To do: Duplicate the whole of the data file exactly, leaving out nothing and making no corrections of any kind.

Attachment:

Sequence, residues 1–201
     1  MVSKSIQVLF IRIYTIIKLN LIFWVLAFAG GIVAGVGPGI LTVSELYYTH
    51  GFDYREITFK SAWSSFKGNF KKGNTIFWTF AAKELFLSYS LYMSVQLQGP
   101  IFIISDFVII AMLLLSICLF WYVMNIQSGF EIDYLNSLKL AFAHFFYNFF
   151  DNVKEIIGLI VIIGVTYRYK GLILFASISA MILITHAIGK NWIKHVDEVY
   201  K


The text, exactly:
Sequence, residues 1–201
     1  MVSKSIQVLF IRIYTIIKLN LIFWVLAFAG GIVAGVGPGI LTVSELYYTH
    51  GFDYREITFK SAWSSFKGNF KKGNTIFWTF AAKELFLSYS LYMSVQLQGP
   101  IFIISDFVII AMLLLSICLF WYVMNIQSGF EIDYLNSLKL AFAHFFYNFF
   151  DNVKEIIGLI VIIGVTYRYK GLILFASISA MILITHAIGK NWIKHVDEVY
   201  K